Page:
Rising to the biggest challenge of our time: Australia’s duty of care to collectively re-imagine and re-design our nation

A joint consultation submission we contributed to for Australia’s draft National Science and Research Priorities. Published in full below.

About the authors

Mathew Mytka, Nathan Kinch, Adrian Hindes and Samuel Wines are transdisciplinary practitioners with deep experience across domains, industries and geographies. We come together as citizens, community members, professionals, parents and friends in our attempt to positively contribute to the collaborative discourse on this topic. This document supports the video submission we have already made.

Executive Summary

The Australian National Science and Research Priorities draft is the mouth of the river; an expansive opening towards the vast ocean of possibility for a collectively redesigned, adaptively resilient, truly prosperous and equitable future for all Australians. In response, we propose a model of ‘Collective Futurecrafting’. Collective Futurecrafting is a cooperative, multi-sectoral, and multi-scale approach for resolving the complex and interconnected challenges facing our nation. Our proposed model for Collective Futurecrafting incorporates applied First Nations knowledge systems, principles of collective intelligence, open innovation, and participatory governance in a decentralised, yet highly coordinated, sociotechnical architecture. We recommend that the entire landscape of ecologically-informed systems interventions can be coordinated by a new government department, likened to The Future Generations Commissioner for Wales. Such an implementation of our proposal could enable downstream interventions by coordinating closely with Indigenous stakeholder groups on futurecrafting greater resilience of Australia’s diverse ecosystems and human-built environment.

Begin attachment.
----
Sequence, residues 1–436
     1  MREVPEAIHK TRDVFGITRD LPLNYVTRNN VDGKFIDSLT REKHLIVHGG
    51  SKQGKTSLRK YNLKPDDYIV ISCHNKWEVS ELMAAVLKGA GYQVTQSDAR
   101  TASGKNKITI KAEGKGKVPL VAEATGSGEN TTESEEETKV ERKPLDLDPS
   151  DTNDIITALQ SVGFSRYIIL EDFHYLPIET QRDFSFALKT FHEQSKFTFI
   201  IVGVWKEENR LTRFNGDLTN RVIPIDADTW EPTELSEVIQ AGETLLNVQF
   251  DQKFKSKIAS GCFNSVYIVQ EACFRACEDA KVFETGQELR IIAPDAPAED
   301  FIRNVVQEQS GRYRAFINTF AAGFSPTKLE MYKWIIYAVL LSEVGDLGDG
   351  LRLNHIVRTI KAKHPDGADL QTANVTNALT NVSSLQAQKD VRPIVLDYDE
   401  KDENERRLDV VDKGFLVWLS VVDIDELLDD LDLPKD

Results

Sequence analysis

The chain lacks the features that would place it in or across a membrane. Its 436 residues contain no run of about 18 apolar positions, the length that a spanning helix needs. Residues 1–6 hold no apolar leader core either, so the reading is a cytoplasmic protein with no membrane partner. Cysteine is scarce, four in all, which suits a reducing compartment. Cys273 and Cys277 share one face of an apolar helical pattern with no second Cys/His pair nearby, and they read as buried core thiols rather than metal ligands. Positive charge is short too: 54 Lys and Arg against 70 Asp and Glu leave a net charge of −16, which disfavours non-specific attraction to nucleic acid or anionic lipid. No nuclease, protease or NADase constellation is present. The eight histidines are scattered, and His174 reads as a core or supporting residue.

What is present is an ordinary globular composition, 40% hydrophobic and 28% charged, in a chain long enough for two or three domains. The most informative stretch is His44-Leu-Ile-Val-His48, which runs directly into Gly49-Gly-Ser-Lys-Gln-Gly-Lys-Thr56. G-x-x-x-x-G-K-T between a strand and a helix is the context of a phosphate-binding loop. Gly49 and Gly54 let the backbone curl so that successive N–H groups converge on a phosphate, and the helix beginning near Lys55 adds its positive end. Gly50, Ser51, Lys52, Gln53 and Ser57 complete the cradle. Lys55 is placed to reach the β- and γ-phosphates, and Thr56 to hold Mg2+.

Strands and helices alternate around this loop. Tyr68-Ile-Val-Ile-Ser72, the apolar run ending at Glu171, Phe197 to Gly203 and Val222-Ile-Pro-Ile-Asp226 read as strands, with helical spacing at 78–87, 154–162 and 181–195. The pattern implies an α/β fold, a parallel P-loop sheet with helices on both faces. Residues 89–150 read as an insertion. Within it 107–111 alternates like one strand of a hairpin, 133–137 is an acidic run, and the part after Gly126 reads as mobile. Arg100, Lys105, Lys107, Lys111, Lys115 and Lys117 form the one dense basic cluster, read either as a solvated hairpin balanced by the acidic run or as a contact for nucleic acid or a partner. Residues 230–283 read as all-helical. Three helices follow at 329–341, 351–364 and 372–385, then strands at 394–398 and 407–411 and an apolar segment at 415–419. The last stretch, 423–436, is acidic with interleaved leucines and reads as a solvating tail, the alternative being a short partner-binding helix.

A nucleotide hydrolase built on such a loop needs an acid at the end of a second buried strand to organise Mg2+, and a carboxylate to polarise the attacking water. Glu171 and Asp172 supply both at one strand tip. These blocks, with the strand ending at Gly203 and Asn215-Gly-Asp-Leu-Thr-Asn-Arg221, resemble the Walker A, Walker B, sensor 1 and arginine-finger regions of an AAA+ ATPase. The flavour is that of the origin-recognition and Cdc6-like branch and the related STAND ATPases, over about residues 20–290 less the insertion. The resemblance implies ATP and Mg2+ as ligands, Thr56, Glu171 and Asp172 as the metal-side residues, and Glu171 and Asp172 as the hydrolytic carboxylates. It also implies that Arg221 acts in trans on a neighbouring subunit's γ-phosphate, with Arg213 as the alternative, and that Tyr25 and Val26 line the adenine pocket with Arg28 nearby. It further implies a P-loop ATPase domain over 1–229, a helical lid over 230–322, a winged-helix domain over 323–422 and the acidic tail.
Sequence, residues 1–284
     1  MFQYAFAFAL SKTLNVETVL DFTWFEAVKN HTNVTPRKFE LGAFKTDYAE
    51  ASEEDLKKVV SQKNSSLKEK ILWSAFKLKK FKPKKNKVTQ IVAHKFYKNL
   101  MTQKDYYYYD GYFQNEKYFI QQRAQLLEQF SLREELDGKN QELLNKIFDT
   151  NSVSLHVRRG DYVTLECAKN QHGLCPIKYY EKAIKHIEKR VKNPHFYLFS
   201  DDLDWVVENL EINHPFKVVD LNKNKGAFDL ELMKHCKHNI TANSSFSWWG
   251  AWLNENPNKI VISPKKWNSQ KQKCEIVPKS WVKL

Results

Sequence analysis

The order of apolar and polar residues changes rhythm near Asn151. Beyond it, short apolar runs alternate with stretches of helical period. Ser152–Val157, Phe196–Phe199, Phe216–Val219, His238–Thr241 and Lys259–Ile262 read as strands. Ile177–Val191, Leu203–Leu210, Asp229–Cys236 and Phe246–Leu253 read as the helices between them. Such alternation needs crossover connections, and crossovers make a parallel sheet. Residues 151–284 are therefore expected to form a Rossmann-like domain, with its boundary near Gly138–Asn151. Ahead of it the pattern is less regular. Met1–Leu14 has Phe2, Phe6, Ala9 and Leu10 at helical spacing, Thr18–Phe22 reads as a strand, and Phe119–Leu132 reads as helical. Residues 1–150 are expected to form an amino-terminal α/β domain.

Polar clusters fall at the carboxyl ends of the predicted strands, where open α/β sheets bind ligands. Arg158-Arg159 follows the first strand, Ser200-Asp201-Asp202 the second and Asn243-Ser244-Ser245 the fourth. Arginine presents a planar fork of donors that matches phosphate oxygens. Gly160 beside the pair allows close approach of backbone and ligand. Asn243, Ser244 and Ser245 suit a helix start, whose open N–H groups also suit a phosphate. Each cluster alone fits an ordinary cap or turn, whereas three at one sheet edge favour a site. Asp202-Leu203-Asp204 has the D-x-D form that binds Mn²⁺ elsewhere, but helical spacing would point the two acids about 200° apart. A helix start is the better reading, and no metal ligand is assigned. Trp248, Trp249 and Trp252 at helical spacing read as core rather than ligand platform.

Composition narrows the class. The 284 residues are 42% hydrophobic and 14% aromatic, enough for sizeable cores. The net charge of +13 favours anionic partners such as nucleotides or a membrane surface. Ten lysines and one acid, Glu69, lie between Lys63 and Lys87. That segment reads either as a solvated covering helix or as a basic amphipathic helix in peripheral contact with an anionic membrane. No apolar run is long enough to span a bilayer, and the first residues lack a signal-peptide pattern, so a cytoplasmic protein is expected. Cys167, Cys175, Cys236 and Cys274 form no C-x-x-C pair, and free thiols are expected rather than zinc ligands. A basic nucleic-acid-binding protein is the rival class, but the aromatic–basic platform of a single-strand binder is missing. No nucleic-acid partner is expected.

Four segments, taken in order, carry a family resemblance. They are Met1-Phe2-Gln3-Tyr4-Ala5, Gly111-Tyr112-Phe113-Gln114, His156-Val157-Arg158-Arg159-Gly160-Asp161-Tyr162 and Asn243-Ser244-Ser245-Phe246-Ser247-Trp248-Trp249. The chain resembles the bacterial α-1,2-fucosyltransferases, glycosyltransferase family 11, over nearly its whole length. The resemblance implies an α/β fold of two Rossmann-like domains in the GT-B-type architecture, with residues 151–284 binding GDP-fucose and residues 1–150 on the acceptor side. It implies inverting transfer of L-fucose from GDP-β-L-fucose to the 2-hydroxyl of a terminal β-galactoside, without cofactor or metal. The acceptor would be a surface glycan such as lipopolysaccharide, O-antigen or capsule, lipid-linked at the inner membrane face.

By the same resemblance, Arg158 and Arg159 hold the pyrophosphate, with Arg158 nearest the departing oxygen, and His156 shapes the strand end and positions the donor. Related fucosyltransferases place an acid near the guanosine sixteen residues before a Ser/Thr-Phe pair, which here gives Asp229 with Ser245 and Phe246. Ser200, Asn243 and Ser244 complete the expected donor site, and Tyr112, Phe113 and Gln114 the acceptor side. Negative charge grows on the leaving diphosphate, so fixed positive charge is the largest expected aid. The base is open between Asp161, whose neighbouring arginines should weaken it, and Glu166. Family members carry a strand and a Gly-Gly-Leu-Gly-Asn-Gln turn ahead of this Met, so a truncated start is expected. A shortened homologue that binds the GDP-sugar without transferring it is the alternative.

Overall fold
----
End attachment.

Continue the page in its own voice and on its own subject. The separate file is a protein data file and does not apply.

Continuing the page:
Our shared story: The case for radical change

Australia faces unprecedented challenges, from existential ecological overshoot to social inequities. All of this, the story of where we’ve come from, where we are today and where we are headed, is situated within a rapidly changing environmental, sociopolitical and socioeconomic landscape. We are not, nor can we be, separated. We are part of an interconnected and interdependent whole across human and ecological systems.